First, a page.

In mid-July, during a visit to Martha’s Vineyard, the beautiful island off the coast of Massachusetts, I met two students from Brigham Young University who had summer jobs scooping ice cream cones and making sundaes in the resort community of Edgartown.
“It’s a great experience to be here,” said one, whose name is Ashley. “It’s a chance to see a part of the country I might not have had a chance to see.” Ashley said she is sure that many other young people from back home in Utah would jump at an opportunity to work their summers here.
But a program administered by the State Department is a major obstacle in the way of young Americans who might fill seasonal jobs not only at resorts across the country, but also in jobs in shops, restaurants, moving companies, and many other sites across the nation.
It’s called the Summer Work Travel program and it brings university students from around the world to work here during school breaks. The State Department, which bills the program as a “cultural exchange,” says the program creates good will by exposing future leaders of foreign countries to the American way of life.
Summer Work Travel, or SWT, has been operating since the 1960s, but it boomed in the late 1990s. It grew from about 20,000 participants in 1996 to a peak of 153,000 in 2008. Then its numbers dipped —because of the recession and a series of embarrassing incidents that culminated with a protest in the summer of 2011 by workers who said they were misled and mistreated at a giant Pennsylvania warehouse that distributes candy for the Hershey Company.
This year, the State Department, while adopting reforms intended to curb abuse, has limited the program to 103,000 workers. That move disappointed the dozens of American sponsoring organizations designated by the State Department to recruit the foreign students and administer the J-1 visas that allow them to come for up to four months of work and an additional month of travel.
SWT has been a goldmine for the sponsors. They receive an average of $1,100 in fees from the students, who must also pay for travel and medical insurance. So sponsors’ income from 103,000 students this year totals more than $113 million, which they share with dozens of partner agencies in countries around the globe.
U.S. employers also benefit it a big way. They pay nothing to have eager foreign workers recruited to their worksites. Moreover, while employers have to pay Social Security, federal unemployment and Medicaid taxes on their American workers, these taxes don’t apply to foreign workers. So employers save about 8 percent on the wages of each SWT worker. As a bonus, some sponsors offer free overseas trips to employers who hire large numbers of SWT workers.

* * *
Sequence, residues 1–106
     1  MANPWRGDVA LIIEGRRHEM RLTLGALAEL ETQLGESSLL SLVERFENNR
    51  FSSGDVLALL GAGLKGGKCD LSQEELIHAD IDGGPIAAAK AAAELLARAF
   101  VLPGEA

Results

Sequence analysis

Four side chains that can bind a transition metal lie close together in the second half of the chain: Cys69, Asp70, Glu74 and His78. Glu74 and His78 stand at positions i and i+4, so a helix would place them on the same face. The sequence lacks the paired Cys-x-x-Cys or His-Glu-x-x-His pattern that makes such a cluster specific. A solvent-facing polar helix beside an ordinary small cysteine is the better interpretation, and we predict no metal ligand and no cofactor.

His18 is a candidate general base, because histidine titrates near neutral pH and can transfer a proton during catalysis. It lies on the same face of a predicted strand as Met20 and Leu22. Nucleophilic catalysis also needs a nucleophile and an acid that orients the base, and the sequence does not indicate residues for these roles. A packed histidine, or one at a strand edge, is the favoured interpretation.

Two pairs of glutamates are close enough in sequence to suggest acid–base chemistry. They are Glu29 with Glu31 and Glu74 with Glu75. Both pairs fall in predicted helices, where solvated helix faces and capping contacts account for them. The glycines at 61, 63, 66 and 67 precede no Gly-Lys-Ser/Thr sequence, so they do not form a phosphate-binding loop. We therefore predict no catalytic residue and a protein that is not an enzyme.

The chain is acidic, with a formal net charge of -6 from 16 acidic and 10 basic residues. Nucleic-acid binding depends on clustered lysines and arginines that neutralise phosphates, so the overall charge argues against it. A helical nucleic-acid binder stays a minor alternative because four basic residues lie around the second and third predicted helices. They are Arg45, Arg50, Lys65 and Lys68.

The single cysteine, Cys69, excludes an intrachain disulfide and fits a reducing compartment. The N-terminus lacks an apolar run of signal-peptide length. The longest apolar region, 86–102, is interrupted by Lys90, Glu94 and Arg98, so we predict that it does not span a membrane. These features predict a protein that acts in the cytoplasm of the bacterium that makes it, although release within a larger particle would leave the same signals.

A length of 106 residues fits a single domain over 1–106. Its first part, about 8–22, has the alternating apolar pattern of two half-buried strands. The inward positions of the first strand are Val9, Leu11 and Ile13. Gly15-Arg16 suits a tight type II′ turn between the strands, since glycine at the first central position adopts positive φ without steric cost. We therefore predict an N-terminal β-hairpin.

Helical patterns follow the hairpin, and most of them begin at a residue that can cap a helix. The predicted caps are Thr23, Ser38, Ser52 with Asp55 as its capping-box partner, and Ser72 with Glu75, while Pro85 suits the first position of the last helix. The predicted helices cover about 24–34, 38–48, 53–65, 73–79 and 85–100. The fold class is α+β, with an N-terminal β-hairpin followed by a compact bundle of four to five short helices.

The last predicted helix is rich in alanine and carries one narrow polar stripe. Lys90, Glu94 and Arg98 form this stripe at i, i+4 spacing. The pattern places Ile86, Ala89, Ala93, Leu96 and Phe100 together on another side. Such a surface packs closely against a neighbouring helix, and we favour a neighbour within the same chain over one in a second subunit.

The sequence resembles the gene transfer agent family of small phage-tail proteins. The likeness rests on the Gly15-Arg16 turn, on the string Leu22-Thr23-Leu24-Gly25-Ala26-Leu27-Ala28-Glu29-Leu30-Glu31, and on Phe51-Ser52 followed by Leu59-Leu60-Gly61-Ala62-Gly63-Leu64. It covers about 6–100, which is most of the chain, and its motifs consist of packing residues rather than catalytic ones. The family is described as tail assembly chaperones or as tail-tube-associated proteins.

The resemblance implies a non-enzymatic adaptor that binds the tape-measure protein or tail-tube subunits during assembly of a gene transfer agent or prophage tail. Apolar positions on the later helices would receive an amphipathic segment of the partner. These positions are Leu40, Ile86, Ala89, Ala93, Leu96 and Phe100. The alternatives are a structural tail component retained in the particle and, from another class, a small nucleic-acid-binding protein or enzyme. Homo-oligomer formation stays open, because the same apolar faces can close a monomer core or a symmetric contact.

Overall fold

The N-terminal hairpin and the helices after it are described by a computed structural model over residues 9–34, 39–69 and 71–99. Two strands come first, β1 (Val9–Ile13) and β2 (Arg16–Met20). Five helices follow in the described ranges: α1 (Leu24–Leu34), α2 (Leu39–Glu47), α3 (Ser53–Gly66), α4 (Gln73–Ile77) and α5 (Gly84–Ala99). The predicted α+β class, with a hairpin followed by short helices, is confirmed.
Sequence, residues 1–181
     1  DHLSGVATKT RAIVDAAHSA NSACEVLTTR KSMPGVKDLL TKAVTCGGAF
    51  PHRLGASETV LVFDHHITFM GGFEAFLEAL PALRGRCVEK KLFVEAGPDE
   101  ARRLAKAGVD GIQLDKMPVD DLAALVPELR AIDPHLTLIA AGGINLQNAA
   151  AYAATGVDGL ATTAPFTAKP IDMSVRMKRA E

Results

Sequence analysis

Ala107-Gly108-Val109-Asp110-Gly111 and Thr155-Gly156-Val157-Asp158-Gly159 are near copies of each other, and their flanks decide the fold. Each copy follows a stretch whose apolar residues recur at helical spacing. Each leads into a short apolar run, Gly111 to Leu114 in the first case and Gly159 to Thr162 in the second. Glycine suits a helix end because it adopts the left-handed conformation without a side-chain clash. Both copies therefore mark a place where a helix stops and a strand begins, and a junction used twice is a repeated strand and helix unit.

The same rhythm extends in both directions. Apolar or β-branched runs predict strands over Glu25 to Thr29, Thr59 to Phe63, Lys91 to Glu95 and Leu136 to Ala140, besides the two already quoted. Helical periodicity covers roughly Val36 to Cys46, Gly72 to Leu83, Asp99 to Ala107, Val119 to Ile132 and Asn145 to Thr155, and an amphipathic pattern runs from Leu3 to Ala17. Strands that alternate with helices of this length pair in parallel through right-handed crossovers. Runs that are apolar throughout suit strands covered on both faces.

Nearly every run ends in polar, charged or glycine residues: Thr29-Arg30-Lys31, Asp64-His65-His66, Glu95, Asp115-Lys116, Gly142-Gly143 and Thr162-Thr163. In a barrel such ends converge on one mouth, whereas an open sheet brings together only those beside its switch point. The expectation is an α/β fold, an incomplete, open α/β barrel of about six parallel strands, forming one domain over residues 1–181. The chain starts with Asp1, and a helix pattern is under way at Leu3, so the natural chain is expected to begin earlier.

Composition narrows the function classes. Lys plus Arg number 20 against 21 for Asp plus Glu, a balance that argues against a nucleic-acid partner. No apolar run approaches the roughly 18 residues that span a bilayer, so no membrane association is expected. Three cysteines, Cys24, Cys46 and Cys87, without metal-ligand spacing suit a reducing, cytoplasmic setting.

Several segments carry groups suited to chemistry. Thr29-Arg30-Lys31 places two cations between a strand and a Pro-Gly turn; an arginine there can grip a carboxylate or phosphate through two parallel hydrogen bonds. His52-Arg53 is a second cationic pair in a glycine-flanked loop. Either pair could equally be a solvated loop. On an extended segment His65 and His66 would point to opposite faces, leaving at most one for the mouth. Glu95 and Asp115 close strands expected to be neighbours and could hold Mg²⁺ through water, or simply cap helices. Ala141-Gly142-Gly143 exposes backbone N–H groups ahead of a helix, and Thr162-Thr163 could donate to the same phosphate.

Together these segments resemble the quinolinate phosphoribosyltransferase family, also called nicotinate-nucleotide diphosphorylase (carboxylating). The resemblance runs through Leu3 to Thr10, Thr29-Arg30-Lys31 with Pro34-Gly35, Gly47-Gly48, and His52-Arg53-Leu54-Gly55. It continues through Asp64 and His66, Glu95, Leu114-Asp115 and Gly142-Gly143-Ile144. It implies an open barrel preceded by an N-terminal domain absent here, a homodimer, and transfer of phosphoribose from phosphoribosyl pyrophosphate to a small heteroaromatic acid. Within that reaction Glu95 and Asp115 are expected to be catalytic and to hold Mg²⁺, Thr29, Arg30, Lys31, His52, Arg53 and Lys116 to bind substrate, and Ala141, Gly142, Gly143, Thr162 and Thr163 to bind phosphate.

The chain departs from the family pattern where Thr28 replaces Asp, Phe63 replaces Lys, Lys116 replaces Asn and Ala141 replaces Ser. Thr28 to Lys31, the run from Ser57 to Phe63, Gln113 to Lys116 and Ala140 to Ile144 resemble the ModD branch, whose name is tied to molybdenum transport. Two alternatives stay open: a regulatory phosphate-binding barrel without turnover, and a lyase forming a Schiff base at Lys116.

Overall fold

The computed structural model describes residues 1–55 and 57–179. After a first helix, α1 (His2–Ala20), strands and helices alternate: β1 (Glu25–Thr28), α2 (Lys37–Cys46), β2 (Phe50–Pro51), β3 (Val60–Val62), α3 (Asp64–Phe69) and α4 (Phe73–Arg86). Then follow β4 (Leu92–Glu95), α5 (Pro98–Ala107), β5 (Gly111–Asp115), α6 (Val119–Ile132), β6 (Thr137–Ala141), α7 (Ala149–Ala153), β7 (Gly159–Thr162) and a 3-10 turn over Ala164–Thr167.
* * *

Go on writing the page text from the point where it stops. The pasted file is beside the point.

At a time of recession and record youth unemployment in the United States, when elected officials declare their determination to help create jobs for American workers, SWT has plenty of critics who say the federal government should not offer incentives for American employers NOT to hire Americans.
One critic is Sarah Ann Smith, a mother whose son was pushed out of his dishwashing job at a restaurant by SWT workers who came to Camden, Maine. Ms. Smith tallied the effects: first week, before the arrival of SWT workers, 24 hours of work; second week, after the arrival of two SWT workers, eight hours; third week, when the SWT staff totaled six workers, zero hours.
Ironically, Ms. Smith a former State Department Foreign Service officer, endorses the philosophy that underlies SWT: “I think the best way to convince the rest of the world that we’re not bad guys is for them to come here and see the United States,” she said. “But it’s wrong to have a program that allows foreign kids to come in and take jobs that American kids need.”
The good intentions of SWT are clear. Nearly all the SWT students I have met talk enthusiastically of their time in the United States. But its negative effects on young Americans are equally apparent. Our government’s first duty must be to Americans in need of work. SWT should be sharply curtailed.
Jerry Kammer is a senior research fellow at the Center for Immigration Studies and a Pulitzer Prize-winning former journalist. His email is firstname.lastname@example.org. This article was based on an investigative series presented by CIS, available here: Cis.org